As it uncovered who the storm troopers were, that they were not only clones. It gave each of the characters within the show, their own personalities, all very unique. They all became even more relatable which makes the end, so heartbreaking. In Star Wars Adventures: The Clone Wars: Battle Tales, we get some new adventures that give a few new memories of these fan favorites.

We are taken to the Planet Hisseen, where a Republic squadron is taking fire from Battle Droids, and where Obi-Wan and Anakin swoop in to save them. Rex tells a story of when Anakin kept his troops safe from a goo monster on the planet Benglor. In another story, the Wolfpack is sent on a dangerous mission, to rescue a hostage from an impermeable fortress. In one tale, Padme learns of some Intel of a hidden base holding unsanctioned prisoners, leading to a prison break. In another tale, we get our version of “Dirty Dozen in space”, adding to the legend. In the last story, we get a story of Obi-Wan helping the inhabitants of Caliban free themselves of General Grievous.

Overall, Star Wars Adventures: The Clone Wars: Battle Tales is a fun collection of stories that imbues the spirit of the series. The stories by Moreci are encapsulating. The art by the creative team is awe-inspiring. Altogether, a nice visit with some very familiar characters.

Story: Michael Moreci
Art: Derek Charm, Arianna Florean, Megan Levens, Mario Del Pennino, Luis Antonio Delgado Valentina Taddeo, Charlie Kirchoff, Thomas  Dear, Rebecca Nalty, and Valentina Pinto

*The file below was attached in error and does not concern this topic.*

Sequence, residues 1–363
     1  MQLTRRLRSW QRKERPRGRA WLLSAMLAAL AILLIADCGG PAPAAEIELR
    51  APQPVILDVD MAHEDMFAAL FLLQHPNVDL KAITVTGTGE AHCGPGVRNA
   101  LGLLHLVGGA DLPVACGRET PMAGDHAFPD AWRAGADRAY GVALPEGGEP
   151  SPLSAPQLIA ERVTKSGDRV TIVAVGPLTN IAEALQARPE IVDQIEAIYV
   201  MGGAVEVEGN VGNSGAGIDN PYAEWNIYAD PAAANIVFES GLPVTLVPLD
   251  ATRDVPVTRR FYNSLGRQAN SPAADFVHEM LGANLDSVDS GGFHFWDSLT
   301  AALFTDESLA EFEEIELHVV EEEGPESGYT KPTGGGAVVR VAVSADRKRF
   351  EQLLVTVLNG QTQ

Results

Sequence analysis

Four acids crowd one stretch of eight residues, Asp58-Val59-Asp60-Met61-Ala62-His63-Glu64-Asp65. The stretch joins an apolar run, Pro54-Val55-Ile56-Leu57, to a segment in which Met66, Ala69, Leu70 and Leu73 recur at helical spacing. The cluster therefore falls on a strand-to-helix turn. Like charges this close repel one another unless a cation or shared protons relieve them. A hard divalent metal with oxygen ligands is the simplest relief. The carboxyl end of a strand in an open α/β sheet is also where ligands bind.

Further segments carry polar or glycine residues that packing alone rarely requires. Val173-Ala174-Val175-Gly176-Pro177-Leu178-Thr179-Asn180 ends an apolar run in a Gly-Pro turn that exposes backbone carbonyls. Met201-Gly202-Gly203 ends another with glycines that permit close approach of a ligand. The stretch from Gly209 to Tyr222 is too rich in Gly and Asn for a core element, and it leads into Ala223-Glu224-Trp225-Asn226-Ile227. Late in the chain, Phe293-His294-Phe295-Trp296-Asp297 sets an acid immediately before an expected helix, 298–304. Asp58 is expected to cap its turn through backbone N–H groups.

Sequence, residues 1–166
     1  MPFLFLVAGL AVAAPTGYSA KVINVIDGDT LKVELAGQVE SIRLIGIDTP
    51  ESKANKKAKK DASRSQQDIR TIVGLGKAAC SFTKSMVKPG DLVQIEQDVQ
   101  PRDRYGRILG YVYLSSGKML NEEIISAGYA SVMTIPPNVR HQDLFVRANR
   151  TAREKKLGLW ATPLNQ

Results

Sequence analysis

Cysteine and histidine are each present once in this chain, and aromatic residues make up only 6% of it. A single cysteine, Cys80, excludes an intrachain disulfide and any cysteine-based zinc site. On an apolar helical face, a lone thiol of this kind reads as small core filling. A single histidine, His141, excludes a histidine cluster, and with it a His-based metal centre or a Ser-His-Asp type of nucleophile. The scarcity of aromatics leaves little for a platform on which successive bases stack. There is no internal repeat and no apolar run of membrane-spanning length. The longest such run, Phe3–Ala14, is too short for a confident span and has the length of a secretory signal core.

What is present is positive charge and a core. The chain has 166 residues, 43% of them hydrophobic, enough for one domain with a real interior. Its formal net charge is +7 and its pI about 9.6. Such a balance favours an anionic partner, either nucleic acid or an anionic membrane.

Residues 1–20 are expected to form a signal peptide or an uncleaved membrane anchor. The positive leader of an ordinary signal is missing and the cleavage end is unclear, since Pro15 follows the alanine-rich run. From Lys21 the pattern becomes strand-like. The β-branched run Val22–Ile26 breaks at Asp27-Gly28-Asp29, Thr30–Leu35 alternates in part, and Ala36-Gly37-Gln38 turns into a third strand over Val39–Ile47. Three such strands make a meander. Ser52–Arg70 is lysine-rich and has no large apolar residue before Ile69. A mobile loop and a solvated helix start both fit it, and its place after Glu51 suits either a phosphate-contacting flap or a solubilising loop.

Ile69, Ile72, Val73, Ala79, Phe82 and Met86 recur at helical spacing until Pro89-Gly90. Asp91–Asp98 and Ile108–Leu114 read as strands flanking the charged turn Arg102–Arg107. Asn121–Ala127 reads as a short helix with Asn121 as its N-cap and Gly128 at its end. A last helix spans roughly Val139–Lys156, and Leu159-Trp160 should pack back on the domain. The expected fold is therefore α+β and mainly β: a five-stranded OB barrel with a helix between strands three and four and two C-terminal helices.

Story: 9.6 Art: 9.2 Overall: 10 Recommendation: Buy

IDW Publishing provided Graphic Policy with a FREE copy for review


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Preview: Star Wars Adventures: The Clone Wars: Battle Tales

Star Wars Adventures: The Clone Wars: Battle Tales

(W) Michael Moreci (A) Arianna Florean, Megan Levens, Valentina Pinto (A/CA) Derek Charm
In Shops: Jan 27, 2021
SRP: $14.99

Return to a time of great upheaval in the galaxy, the final years of the Republic, in this anthology based on the beloved animated series!

While Obi-Wan Kenobi, Anakin Skywalker, and other Jedi Knights fight against incredible odds, two Republic squadrons must hold their position against an encroaching droid army of the Separatists. Pinned down for the duration, Commander Cody, Captain Rex, and other clones swap war stories that feature your favorite characters from The Clone Wars animated series, such as Padmé Amidala, General Grievous, and many more!

Star Wars Adventures: The Clone Wars: Battle Tales

Preview: Star Wars Adventures: Vader’s Castle

Star Wars Adventures: Vader’s Castle

(W) Cavan Scott (A) Derek Charm, Chris Fenoglio, Kelley Jones, Corin Howell, Robert Hack, Charles Paul Wilson, Nicoletta Baldari, Megan Levens (A/CA) Francesco Francavilla
In Shops: Jan 27, 2021
SRP: $19.99

Why would anyone break IN to the dreaded stronghold of Darth Vader? Find out in this spooky graphic novel perfect for middle-grade readers!